The Minuteman Bikeway runs from Bedford to the Alewife station at the northern end of the Red Line in Cambridge. It passes through the towns of Lexington and Arlington on the way. Also along the route are several notable regional sites, including Alewife Brook Reservation, Spy Pond and "Arlington’s Great Meadows" (actually located in Lexington).
At its Cambridge terminus, the bikeway connects with three other bike paths:
- the Fitchburg Cutoff Path
- the Cambridge Linear Park which, in turn, leads to the Somerville Community Path.
- the Alewife Brook Greenway, a connection to the Mystic River bike path, following Alewife Brook. The Alewife Brook extension received $4M from the American Recovery and Reinvestment Act of 2009 as the "Minuteman Bikepath Connector" project.
Plans are underway to extend the Somerville Community Path to downtown Boston, which would create a much larger continuous bikeway accessible from the Minuteman.
The path comprising the current Minuteman Bikeway has a long history. The trail closely approximates the route that Paul Revere took on his famous ride in 1775, which heralded the beginning of the American Revolution.
Along the way to becoming a railroad, the path's right-of-way was laid out east of Lexington in 1846 by the Lexington and West Cambridge Railroad and west of Lexington in 1873 by the Middlesex Central Railroad.
Railbanking of the line was first proposed in 1974, three years before passenger rail service was discontinued, and a full seven years before rail service was discontinued altogether (in 1981). In 1991, the final plan for the conversion was approved, and construction started on the original section of the bikeway. The path was dedicated in 1992 and completed the following year.
In 1998 the bikeway was extended from East Arlington to Alewife station (in Cambridge). In 2002 it was entirely repaved and in 2004 the Bedford Depot Park Enhancement Project was completed at its west terminus.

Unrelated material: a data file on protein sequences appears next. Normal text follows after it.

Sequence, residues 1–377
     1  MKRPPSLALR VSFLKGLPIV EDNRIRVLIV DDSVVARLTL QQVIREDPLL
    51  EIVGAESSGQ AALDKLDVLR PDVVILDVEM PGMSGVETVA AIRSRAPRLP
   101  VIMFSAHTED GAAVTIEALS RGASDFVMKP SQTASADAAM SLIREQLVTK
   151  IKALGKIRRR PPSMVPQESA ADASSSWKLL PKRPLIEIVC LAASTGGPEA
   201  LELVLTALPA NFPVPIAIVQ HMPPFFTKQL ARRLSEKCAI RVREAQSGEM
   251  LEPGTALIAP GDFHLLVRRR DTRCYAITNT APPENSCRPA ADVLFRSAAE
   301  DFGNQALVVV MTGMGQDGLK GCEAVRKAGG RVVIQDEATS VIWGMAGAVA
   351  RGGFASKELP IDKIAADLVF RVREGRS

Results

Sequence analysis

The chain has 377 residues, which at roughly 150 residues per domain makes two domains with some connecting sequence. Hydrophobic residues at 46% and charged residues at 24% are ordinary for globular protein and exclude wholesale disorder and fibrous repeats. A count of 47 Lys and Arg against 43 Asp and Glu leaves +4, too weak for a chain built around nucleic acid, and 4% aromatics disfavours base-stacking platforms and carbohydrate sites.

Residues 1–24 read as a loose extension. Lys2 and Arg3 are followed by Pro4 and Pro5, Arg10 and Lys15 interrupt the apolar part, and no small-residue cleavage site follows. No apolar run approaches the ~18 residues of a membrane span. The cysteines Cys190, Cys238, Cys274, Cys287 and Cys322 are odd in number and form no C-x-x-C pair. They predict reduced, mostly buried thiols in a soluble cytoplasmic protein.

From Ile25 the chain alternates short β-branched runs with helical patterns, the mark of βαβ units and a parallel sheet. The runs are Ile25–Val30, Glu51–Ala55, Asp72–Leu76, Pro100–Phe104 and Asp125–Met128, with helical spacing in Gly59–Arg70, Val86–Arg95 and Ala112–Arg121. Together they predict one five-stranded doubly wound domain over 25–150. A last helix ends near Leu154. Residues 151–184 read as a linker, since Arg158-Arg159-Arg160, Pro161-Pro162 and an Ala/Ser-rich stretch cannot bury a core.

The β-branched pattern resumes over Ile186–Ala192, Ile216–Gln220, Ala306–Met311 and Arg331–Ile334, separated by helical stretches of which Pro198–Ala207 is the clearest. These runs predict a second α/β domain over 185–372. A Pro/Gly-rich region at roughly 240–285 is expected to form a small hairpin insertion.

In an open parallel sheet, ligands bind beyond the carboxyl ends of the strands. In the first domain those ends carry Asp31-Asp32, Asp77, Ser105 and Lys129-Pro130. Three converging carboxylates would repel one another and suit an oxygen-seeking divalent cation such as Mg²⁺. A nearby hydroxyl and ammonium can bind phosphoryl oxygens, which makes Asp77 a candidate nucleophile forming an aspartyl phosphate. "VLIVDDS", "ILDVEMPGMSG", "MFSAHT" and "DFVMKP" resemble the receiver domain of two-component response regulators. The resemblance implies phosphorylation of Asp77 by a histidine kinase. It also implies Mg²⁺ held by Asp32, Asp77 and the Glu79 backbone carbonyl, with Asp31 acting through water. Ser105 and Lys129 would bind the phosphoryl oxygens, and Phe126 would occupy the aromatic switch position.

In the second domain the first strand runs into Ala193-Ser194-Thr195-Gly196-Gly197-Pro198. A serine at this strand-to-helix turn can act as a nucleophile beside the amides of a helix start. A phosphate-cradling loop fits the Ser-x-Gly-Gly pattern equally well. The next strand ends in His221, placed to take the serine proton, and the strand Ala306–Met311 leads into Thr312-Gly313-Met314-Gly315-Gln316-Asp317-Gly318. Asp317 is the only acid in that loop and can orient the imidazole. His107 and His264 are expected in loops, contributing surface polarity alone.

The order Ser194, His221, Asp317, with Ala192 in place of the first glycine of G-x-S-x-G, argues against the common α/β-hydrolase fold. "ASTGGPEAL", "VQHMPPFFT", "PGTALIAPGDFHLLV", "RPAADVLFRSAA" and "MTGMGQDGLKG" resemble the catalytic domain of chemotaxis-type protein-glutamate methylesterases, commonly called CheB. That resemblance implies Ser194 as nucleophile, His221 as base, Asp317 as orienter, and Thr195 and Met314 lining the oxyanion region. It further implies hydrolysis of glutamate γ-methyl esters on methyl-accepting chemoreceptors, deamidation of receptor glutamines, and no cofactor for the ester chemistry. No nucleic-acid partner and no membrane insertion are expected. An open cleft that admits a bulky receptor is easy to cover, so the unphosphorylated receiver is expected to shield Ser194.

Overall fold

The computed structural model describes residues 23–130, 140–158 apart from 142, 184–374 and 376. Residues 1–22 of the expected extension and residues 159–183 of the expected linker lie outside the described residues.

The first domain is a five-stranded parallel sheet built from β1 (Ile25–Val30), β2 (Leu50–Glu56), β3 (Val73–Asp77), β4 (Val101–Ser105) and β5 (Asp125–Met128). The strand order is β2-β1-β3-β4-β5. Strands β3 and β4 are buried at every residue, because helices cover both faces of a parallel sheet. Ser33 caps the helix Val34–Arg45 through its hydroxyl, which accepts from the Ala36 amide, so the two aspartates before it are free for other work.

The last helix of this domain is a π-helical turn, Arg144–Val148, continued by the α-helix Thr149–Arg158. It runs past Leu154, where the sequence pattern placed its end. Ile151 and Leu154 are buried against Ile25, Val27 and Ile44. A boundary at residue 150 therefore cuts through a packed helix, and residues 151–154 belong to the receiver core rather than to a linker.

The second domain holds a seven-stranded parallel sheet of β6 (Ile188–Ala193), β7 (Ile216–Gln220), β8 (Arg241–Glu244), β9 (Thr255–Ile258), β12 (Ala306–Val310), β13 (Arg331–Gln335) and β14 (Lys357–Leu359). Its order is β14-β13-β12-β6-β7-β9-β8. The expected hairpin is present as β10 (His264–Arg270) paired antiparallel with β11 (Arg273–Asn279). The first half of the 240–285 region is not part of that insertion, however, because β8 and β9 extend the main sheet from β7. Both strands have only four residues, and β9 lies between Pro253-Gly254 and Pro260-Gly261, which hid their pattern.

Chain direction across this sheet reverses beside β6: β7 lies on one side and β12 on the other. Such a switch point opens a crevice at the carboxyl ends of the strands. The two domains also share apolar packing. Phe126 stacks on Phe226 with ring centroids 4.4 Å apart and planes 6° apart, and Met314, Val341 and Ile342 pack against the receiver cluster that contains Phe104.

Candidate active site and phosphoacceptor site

Area residents use the bikeway for a host of activities, including bicycling, walking, jogging, and inline skating. The main use of the path, however, is for casual biking. In the winter there is often enough snow on the bikeway for cross-country skiing. However, the Bikeway is now plowed from Alewife Station to Bedford. No motorized vehicles are allowed except for powered wheelchairs and emergency vehicles.
New connections under contemplation include one from Lexington to the Battle Road Trail and one to the Charles River bike path via the abandoned Watertown Branch Railroad. A portion of the latter path, at the Watertown end, has been completed.
Gallery of views along the bikeway
- Some sources list it erroneously as 11 miles. The confusion arises because the mile marker at the beginning of the trail is 1 instead of 0. Wikipedia editors have measured the distance as shown on maps and in Google Earth, and it appears to be 10 miles to within a few hundredths of a mile. For further verification, see: Project for Public Spaces or About the Lexington Branch
- "Alewife Brook Greenway Corridor Improvement Project". Town of Arlington, MA. July 11, 2012. Retrieved 2013-08-15.
- "Patrick-Murray Administration Obligates 100% of ARRA Highway Funding One Month Ahead of Schedule". 2010-02-10. Retrieved 2010-03-02.
- Rail-Trails at Bedford Depot Park
- Viser, Matt (2007), "Rage on the bikeway", The Boston Globe, Volume 272, Number 1, 2007-07-01, p.A1.
- Gilsdorf, Ethan (June 29, 2008). "Popular bike trail gets even better". boston.com. Retrieved 2009-06-11.
|Wikimedia Commons has media related to Minuteman Bikeway.|
- Minuteman Bikeway - official website
- Friends of the Community Paths
- Depot Park at the Bedford terminus
- Rails-to-Trails Conservancy
- High-speed video of entire trail south to north
-  Virtual cycling video of entire trail round trip.
- 1870s railroad maps of what is now the Minuteman Bikeway
- Clear the Trail advocacy organization
- Friends of Lexington Bikeways website
- Map with popups of old maps from the 1870s showing each section of the bikeway
- On a Google map
- Friends of Arlington's Great Meadows